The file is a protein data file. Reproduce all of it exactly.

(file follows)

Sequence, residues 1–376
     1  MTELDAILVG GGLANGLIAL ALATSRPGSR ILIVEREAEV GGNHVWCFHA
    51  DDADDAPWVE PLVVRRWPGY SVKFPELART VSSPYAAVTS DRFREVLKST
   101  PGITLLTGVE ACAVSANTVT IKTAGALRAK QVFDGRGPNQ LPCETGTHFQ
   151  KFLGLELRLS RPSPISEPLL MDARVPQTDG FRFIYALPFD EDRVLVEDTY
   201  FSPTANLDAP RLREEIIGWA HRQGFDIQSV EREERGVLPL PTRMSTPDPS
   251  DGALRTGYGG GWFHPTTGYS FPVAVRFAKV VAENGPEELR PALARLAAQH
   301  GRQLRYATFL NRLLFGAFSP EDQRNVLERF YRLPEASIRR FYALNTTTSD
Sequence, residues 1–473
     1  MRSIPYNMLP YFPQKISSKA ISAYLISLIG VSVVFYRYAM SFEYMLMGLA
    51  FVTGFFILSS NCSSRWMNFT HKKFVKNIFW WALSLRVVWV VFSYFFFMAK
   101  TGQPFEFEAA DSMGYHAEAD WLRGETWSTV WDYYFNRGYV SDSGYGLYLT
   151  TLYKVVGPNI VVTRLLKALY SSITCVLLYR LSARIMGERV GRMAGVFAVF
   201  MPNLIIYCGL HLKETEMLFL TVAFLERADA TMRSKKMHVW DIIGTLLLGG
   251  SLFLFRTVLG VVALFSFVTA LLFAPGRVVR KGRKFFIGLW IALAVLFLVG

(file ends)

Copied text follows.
Sequence, residues 1–376
     1  MTELDAILVG GGLANGLIAL ALATSRPGSR ILIVEREAEV GGNHVWCFHA
    51  DDADDAPWVE PLVVRRWPGY SVKFPELART VSSPYAAVTS DRFREVLKST
   101  PGITLLTGVE ACAVSANTVT IKTAGALRAK QVFDGRGPNQ LPCETGTHFQ
   151  KFLGLELRLS RPSPISEPLL MDARVPQTDG FRFIYALPFD EDRVLVEDTY
   201  FSPTANLDAP RLREEIIGWA HRQGFDIQSV EREERGVLPL PTRMSTPDPS
   251  DGALRTGYGG GWFHPTTGYS FPVAVRFAKV VAENGPEELR PALARLAAQH
   301  GRQLRYATFL NRLLFGAFSP EDQRNVLERF YRLPEASIRR FYALNTTTSD
Sequence, residues 1–473
     1  MRSIPYNMLP YFPQKISSKA ISAYLISLIG VSVVFYRYAM SFEYMLMGLA
    51  FVTGFFILSS NCSSRWMNFT HKKFVKNIFW WALSLRVVWV VFSYFFFMAK
   101  TGQPFEFEAA DSMGYHAEAD WLRGETWSTV WDYYFNRGYV SDSGYGLYLT
   151  TLYKVVGPNI VVTRLLKALY SSITCVLLYR LSARIMGERV GRMAGVFAVF
   201  MPNLIIYCGL HLKETEMLFL TVAFLERADA TMRSKKMHVW DIIGTLLLGG
   251  SLFLFRTVLG VVALFSFVTA LLFAPGRVVR KGRKFFIGLW IALAVLFLVG